Harbor Park Strategic Plan
New urban design strategies are essential as climate change and sea level rise threaten coastal communities. An environmental NGO, the Elizabeth River Project, commissioned C+PA to create adaptive design proposals for the frequently flooded Harbor Park district in Norfolk, Virginia—one of the most threatened coastal cities in the United States. Nearly 25% of city land lies in the 100-year floodplain, including downtown Norfolk and its waterfront. Tidal tributaries and wetlands have been filled or piped below ground, the shoreline has been hardened with concrete bulkheads, and extensive dredging has transformed river flow.
Typical high tides annually overflow stormwater infrastructure and the City of Norfolk is finding it difficult to attract business or development to the site. C+PA is examining several intertwined scalar considerations for the Harbor Park District and the role that a new ERP headquarters and environmental education center could play in the sustainable revitalization process. This plan follows a "let it flood" approach that minimizes infrastructure investments that levees bring. We are currently working on a levee-based approach as well.
As a critique of a point block scheme proposed for the site, our challenge was two-fold: 1.) to mitigate ongoing coastal site flooding with a resilient, planted, pedestrian accessible, earthen berm, rather than hardened sea walls, and 2.) to maximize tax-generating development with readily-implementable building types without resorting to the free-standing, highrise building type that currently deadens the Norfolk waterfront. We researched geological, hydrological, and built layers to understand the history of this crumbling post-industrial edge. Once a thriving working waterfront, this vacant, 36-acre coastal brownfield is cut off from downtown Norfolk by a tangle of elevated highways.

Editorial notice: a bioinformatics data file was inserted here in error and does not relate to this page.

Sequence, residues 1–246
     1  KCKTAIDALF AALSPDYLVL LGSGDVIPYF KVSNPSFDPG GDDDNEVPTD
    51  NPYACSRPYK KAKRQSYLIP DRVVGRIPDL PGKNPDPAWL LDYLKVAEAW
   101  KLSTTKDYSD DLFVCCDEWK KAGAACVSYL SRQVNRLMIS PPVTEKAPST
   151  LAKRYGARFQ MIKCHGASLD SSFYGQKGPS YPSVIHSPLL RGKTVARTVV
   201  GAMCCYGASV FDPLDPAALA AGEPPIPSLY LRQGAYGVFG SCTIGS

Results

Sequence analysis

With this knowledge, we proposed a half-mile long living shoreline and dense, mixed-use neighborhood of small-scale streets and mid-rise buildings atop parking decks that are designed to flood in storm events. An integrated earthen berm and living shoreline mitigates the impact of tidal surges, while maintaining river access. Urban bio-retention, water filtration, and underground cisterns are proposed to absorb or store water onsite. This 'mat' urban design approach integrates green architecture and landscape, while meeting the economic and flood mitigation needs of the City. Working from the city and region, to the district, and the individual building, an interconnected series of sustainable principles and design strategies are proposed to create a resilient vision for the future.